Recently, when I was fitting a patient for custom foot orthotics, he asked me if his orthotics would only work in expensive shoes. This is a common concern for many of my patients especially for those who are living on a fixed income.
Although foot orthotics are only as good as the shoes they are worn in, this doesn’t necessarily mean the shoes have to be expensive. In fact, “expensive” does not always equal “better” when it comes to shoes.
For orthotics to function optimally they need to be worn in shoes that have appropriate supportive features, including:
Firm heel counter – The heel counter is the back of the shoe that strengthens the overall shoe, especially the area that cups your heel. A firm heel counter helps to hold your heel in place as you walk, keeping your foot in the right place on the orthotic.
Firm density midsole – A firm density midsole provides a solid foundation which is essential for your orthotic to work properly. To test the midsole density of your footwear, press your fingernail into the midsole. If should feel soft. Next, try to compress the midsole down, the way your body weight will try to compress it. It should stay firm and not compress.
Minimal twist/torsion – Shoes should never twist. If they do you’re not getting the support you need. Hold the heel of your shoe in one hand and the forefoot in the other hand and try to twist your shoe as if you’re wringing out a cloth. Your shoe should not twist easily – there should be resistance through the middle portion of the shoe.
Wider base of support – This is essential for many people as it provides more support under the entire foot, to give you a solid base. If your shoe sole is too narrow, particularly through the arch or middle portion of the sole, you may not be getting the support you need. You may feel unstable while you’re walking, somewhat like walking on a skate blade. In addition, a wider base of support allows your foot orthotic to sit flat within the shoe.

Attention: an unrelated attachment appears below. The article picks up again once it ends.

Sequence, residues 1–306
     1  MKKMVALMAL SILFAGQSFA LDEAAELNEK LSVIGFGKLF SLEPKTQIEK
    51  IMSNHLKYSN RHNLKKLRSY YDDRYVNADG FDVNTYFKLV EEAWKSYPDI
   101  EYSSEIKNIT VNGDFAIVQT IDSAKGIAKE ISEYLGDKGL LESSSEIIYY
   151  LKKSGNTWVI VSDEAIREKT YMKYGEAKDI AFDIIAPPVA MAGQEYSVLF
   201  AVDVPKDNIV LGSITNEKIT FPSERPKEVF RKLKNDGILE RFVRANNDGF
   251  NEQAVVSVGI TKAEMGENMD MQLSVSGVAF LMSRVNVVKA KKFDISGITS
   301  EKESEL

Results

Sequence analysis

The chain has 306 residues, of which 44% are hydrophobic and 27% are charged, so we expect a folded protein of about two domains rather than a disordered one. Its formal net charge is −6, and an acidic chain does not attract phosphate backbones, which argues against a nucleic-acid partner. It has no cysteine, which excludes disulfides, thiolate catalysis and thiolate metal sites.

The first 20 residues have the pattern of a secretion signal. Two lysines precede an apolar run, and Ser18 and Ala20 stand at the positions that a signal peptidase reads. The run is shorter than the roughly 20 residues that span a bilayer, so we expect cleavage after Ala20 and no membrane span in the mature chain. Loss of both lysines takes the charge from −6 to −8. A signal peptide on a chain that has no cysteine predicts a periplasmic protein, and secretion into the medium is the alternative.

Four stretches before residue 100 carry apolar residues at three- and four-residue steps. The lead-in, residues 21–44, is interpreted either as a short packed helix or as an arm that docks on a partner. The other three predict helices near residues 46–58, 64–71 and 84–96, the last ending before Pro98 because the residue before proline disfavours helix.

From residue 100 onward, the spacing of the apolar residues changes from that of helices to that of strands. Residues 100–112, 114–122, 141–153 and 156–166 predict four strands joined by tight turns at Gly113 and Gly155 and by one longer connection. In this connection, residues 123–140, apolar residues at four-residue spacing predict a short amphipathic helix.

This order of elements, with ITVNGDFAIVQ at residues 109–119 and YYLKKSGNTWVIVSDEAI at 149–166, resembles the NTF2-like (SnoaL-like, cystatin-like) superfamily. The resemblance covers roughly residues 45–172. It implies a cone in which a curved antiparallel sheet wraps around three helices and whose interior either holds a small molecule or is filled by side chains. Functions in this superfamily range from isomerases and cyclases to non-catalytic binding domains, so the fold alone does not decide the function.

Removable footbed – If you require foot orthotics, a removable footbed is essential as it will allow your orthotics to fit into your shoes.
Whether you require foot orthotics or not, you should consider wearing shoes that have the supportive features described above as they may help to protect your feet and prevent injury. Bargain basement shoes that don’t have these features are not advisable if you are going to be on your feet for any length of time. If you have a limited shoe budget it is better to purchase one pair of properly-fitted, supportive shoes than a few pairs of flimsy, ill-fitting footwear. Just remember, when it comes to footwear, expensive does not necessarily mean better. It is most important that your shoes are giving you the support and cushioning that you require.
Canadian Certified Pedorthists are footwear experts. If you have any questions about your footwear book an appointment with your local Canadian Certified Pedorthist.
By Anne Putnam BSc., MSc., C Ped (C) Saskatoon, Saskatchewan